We’re all tried of racism, we’re tired of discussing this topic, and we’re fed up with this nonsense of Some South Africans treating others as inferior. We’re all humans, we’re all South Africans and those are the things that matter. We all deserve to be respected, we all deserve to treated equally, and fairly too. Segregation should be a thing of the past amidst South Africans, discrimination shouldn’t thrive in the country and racism ought to be long dead in South Africa.
It is however disgusting and shameful that the color of a student’s skin is still a big issue in Stellenbosch University. As such, demonstrating that Professor Jonathan Jansen, the vice-chancellor and rector of the University of the Free State was speaking frankly when he recently told South Africa’s educationists that they were “training barbarians who are racist and sexist.”
For so long, South Africans have suffered prejudice at the Stellenbosch University and like every other negative issue in South Africa, nothing is being done to remedy the situation, nobody cares as none is apparently listening. To gain our attention as South Africans, a documentary about the lives of students who attend Stellenbosch University in South Africa was produced and titled “Luister” the Afrikaans word for “listen”. In the documentary, students narrate cases of racial prejudice they’ve encountered at the Stellenbosch University coupled with the challenges they face as they struggle to familiarize themselves with the predominant use of Afrikaans as a medium of instruction.
The documentary captures students whose stories have been ignored in a series of interview that will get you wondering whether the narrations are based on the apartheid era. For instance, a guy got his face splashed with alcohol for dancing with a White lady, one was told he’s “too light” for his race, another was asked to go to the zoo where he belong, and jesters tell unfunny jokes about black people. Watch the documentary below and see for yourself the depressing testimonies of thirty-two students and one lecturer from Stellenbosh University and its Agricultural college.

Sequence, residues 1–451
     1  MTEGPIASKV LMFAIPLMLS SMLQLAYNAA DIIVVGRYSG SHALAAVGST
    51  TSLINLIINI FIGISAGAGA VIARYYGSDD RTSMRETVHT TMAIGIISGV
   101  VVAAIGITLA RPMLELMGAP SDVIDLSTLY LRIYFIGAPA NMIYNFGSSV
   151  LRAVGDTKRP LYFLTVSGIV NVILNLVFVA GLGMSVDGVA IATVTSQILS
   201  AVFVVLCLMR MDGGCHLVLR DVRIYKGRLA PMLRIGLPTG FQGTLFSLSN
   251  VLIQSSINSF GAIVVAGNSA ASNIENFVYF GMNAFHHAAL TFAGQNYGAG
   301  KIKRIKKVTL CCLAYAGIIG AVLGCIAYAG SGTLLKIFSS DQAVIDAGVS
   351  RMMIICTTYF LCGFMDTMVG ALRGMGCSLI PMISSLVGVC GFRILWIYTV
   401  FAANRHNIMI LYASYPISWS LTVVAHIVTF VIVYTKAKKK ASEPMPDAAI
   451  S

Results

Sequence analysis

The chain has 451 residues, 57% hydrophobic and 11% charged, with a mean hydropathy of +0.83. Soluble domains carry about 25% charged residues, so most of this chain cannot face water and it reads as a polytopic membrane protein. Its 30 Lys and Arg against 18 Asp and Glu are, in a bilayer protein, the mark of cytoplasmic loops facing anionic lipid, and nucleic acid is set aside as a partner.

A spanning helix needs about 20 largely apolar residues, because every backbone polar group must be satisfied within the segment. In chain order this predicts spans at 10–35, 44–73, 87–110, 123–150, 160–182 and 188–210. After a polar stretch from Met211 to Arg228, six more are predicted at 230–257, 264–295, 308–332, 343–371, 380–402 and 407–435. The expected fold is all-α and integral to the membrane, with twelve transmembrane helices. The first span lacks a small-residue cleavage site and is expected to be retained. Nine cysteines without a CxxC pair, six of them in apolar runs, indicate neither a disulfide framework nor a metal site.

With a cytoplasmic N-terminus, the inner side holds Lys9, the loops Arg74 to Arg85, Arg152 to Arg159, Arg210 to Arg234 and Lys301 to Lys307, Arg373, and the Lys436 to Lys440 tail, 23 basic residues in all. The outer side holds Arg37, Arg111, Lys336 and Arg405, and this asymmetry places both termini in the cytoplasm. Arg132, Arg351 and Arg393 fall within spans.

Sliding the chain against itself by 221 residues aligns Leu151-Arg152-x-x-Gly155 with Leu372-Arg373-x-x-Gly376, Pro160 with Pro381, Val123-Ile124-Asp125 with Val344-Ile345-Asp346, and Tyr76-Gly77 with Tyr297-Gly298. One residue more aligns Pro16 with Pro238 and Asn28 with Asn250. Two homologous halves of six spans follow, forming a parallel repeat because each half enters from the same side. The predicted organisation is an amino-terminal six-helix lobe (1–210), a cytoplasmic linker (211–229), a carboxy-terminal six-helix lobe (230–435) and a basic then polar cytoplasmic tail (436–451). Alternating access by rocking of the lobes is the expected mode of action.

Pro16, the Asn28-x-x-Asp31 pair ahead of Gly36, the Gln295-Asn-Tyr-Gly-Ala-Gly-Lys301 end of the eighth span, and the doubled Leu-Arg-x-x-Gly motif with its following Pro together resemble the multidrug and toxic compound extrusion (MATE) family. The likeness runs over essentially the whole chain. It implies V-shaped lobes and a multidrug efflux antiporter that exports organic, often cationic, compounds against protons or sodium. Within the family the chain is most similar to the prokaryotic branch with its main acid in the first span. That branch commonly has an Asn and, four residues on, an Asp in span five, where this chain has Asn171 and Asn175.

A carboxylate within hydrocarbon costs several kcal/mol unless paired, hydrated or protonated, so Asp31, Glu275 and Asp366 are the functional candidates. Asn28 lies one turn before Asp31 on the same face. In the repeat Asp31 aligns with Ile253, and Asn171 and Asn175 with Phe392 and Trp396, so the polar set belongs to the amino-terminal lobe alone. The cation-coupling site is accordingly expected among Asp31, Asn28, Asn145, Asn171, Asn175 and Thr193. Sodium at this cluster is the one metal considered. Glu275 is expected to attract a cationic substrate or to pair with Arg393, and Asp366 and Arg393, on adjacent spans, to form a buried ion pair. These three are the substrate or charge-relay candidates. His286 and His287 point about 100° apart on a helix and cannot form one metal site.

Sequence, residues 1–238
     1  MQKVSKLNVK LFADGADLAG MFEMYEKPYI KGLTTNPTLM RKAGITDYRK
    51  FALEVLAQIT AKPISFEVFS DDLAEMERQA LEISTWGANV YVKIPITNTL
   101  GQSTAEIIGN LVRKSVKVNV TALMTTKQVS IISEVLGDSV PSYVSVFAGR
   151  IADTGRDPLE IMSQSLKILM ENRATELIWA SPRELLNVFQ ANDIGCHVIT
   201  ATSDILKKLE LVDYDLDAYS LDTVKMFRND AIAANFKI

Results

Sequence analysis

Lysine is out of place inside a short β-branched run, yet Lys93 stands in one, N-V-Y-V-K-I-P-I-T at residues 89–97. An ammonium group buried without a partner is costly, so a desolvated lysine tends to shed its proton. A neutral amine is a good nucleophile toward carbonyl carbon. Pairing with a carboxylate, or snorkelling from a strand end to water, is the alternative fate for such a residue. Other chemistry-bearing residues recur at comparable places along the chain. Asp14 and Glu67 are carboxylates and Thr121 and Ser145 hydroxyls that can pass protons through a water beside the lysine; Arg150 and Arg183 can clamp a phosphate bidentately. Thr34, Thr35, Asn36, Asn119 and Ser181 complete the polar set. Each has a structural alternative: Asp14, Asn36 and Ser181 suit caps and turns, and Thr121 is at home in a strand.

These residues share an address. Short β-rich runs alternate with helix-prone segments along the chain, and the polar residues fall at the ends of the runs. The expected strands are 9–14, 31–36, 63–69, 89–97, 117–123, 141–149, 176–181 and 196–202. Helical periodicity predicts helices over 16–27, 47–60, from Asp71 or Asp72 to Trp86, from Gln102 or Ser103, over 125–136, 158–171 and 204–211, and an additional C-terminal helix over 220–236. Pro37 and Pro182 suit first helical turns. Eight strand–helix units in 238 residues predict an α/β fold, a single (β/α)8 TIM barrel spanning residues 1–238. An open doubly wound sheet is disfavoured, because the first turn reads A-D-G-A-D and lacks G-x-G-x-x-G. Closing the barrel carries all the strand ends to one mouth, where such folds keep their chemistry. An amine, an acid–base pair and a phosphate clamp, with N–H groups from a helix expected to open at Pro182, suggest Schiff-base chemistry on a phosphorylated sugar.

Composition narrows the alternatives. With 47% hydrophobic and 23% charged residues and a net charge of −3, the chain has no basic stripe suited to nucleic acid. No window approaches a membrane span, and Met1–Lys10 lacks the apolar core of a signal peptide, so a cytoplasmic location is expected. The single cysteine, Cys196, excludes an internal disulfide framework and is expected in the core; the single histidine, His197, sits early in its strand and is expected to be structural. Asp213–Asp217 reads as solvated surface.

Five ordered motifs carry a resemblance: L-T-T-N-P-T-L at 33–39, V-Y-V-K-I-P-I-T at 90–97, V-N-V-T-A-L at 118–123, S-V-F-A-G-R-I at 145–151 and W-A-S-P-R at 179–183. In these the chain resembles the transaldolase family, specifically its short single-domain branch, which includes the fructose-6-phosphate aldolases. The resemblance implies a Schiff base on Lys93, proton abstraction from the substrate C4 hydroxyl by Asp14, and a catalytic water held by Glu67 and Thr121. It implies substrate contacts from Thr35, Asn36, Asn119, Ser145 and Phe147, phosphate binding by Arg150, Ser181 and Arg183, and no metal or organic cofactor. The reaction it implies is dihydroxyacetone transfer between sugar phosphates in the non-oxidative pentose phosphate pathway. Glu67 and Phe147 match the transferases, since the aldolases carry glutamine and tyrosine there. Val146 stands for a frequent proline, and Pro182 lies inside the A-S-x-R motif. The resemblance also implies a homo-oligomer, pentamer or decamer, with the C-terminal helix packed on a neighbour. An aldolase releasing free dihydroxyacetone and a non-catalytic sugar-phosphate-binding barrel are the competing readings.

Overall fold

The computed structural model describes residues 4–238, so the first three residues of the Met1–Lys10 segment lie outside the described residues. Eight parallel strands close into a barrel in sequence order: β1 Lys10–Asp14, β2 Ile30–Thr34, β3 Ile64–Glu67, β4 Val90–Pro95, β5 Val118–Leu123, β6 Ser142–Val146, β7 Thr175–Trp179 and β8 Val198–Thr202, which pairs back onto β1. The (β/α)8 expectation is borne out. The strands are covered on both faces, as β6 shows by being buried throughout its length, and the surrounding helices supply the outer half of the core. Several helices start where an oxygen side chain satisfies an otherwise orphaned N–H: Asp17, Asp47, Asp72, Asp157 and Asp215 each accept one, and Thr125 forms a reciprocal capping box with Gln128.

Reporting this situation, eNCA stated that the University, in a statement said there are certain misrepresentations in the documentary like the claim that the University takes disciplinary action against students who participate in protests. According to the University, that’s not the case as “the University acknowledged in various communication pieces this year the right of students to take part in protest action, provided that it takes place within the rules and guidelines applicable to the entire campus community; that academic and administrative activities are not disrupted; that the rights of fellow students to study are not infringed upon; and that no risks are created. Actions such as the disruption of a lecture, the sit-in in an administrative building and the disruption of a careers fair in July are completely unacceptable and the University has an obligation to act against the guilty parties in these cases.”
Also, the documentary was debunked for creating the impression that the management does not listen to students. Insisting that staff and students have always been encouraged to enter into conversation with the school management as far as mutual respect which is a key principle that guarantees meaningful conversation is maintained.
The school management however affirmed that the issues raised in the documentary are factual when it stated that the “management is not apathetic towards these issues and confirms that these are the kind of issues that are currently receiving pertinent attention on various levels and in high-level discussions with various groups and individuals on campus.”